A few thoughts about today’s earthquake and tsunami in Japan. The video coming out of there is horrific. There will surely be many thousands of casualties.
It has been great to see the immediate reaction of help, efforts both large and small: from the U.S. military sending ships with hospital and disaster relief supplies to the FaxZero company waiving fees for faxes to Japan to help family and friends can communicate with loved ones there.
I have a good friend who lives there, and he’s fine; nice that he had power and Internet connection to reply to my email very quickly.
But I had to roll my eyes about some of the news coverage. Even after the 2004 quake and tsunami in Indonesia, so many of the news people just don’t have their tsunami facts clear.
Before I worked for NASA I was a freelance science writer, and it happens that back in 1986, I wrote an article which explains how tsunamis work, and why it’s so difficult to predict what distant shores will be hit (and how hard). By noon today the article, which is on my rarely updated personal web site, had more than 10,000 page views, so it’s clear to me people are searching for information and finding that article.
Trivia: that article happened to be published in Westways magazine the day before I interviewed at JPL. I was able to take a copy of the magazine to the interview to show a sample of my “recent work,” and the guy interviewing me replied, “Yeah, I saw that yesterday — I subscribe.” I don’t know if that cemented me getting the job, but it sure didn’t hurt!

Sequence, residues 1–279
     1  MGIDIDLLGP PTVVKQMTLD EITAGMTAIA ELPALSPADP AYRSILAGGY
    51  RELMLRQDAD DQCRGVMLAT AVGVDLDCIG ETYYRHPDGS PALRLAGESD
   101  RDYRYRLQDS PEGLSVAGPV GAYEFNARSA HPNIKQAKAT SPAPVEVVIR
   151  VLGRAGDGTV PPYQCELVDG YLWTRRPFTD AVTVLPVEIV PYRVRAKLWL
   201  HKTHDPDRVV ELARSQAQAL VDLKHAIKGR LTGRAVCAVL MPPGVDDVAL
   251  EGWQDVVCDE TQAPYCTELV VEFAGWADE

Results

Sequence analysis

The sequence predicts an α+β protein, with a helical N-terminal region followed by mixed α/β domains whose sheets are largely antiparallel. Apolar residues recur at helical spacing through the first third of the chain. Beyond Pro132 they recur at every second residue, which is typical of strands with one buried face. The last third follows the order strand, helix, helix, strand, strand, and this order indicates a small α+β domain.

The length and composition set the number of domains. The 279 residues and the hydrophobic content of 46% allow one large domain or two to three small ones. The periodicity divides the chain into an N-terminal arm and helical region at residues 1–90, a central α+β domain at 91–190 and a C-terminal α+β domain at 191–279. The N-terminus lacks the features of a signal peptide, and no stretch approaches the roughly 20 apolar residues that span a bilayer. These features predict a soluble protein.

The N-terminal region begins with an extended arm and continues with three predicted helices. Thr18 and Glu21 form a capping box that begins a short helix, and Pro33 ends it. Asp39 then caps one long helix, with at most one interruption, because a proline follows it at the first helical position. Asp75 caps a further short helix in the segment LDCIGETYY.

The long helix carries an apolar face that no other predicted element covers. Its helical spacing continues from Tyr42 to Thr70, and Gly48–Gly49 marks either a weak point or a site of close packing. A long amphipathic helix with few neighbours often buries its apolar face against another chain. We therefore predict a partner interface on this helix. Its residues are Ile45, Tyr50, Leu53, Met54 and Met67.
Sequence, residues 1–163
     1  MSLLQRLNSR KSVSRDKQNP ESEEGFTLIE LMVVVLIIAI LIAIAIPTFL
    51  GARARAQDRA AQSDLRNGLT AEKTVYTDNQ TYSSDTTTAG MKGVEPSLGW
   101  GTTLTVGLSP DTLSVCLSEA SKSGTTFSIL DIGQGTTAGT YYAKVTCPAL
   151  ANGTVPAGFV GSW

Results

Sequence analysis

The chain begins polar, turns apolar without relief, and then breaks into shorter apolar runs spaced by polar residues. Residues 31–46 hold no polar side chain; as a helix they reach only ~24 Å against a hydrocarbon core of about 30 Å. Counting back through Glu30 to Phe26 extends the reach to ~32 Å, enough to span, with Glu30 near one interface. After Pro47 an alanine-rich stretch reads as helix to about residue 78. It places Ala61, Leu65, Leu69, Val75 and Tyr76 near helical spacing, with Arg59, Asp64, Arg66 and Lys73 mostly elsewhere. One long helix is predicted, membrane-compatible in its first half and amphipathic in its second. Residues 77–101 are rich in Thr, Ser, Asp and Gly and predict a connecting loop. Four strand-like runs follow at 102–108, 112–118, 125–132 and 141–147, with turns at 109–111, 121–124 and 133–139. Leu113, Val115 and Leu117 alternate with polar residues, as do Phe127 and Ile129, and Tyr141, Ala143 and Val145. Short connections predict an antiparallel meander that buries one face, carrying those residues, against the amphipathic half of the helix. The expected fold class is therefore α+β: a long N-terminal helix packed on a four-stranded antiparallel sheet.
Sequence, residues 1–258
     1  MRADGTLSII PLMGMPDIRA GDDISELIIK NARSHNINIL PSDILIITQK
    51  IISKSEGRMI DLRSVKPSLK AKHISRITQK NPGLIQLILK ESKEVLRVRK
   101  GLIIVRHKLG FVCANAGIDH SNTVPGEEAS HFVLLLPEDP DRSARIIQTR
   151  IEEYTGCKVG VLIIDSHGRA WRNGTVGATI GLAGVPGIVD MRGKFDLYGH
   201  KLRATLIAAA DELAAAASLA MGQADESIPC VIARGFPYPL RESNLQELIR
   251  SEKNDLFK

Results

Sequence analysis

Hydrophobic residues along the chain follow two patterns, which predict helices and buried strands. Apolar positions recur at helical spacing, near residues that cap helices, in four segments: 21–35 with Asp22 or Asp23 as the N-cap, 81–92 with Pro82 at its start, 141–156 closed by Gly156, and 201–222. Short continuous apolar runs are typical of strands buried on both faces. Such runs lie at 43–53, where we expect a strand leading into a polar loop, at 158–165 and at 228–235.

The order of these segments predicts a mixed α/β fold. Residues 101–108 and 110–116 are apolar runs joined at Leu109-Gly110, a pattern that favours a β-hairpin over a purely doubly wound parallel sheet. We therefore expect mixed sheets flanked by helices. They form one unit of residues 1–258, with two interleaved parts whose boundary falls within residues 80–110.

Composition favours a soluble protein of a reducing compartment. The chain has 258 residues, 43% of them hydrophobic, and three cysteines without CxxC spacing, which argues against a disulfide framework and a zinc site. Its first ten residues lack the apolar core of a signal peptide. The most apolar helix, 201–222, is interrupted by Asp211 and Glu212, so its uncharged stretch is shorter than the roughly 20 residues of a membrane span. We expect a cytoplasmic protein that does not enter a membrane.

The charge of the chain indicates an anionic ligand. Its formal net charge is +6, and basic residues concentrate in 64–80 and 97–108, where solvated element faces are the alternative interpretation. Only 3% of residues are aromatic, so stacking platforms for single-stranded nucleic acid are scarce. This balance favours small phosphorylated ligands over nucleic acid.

California Knows Tsunamis
I used to live on California’s North Coast. In 1964, Crescent City was wiped out by a tsunami after an earthquake in Alaska; 18 people were killed. Today, knowing that a tsunami was inbound, many obliviots rushed to the beach to watch it come in. Four were swept out to sea; at least one of them is dead.
Evacuations are done for a reason, and Social Darwinism will make examples out of some of the people who refuse to think.
Here’s a video of waves hitting the coast by Crescent City, taken by a guy who knew enough to be on higher ground (but he still almost got wet!) It’s amazing how fast the water came up.
Think about being on a coastline that doesn’t have hills: in one area of Japan, waves reached 10km inland — about six miles!
Wikipedia already has an extensive article on the disaster, which puts the mass of information about this particular event into good perspective.
There’s an interesting NASA-generated map of the quake and its pre/aftershock locations and magnitudes. (Link removed: no longer online)
Astounding video of the tsunami (with English narration) by Sky News. (Link removed: no longer online)
Last, True isn’t hugely popular in Japan — just a few dozen addresses ending in “.jp” are subscribed, though I know plenty more there surely are using .com addresses. But today, we’re all partly Japanese. ご幸運を祈ります。 (Gokouun o inorimasu — good luck).
|Aid to Japan
In the newsletter sent out a week later, I offered to send $20 toward earthquake/tsunami relief for every new $24 subscription upgrade. I expected to be able to send about $2,000 to the effort.
Well, This is True readers came through: by the time the deal ended, there were 315 new upgrades, plus several readers added to the pot to bring the total up to $6,540! Thank you to all the readers who helped!
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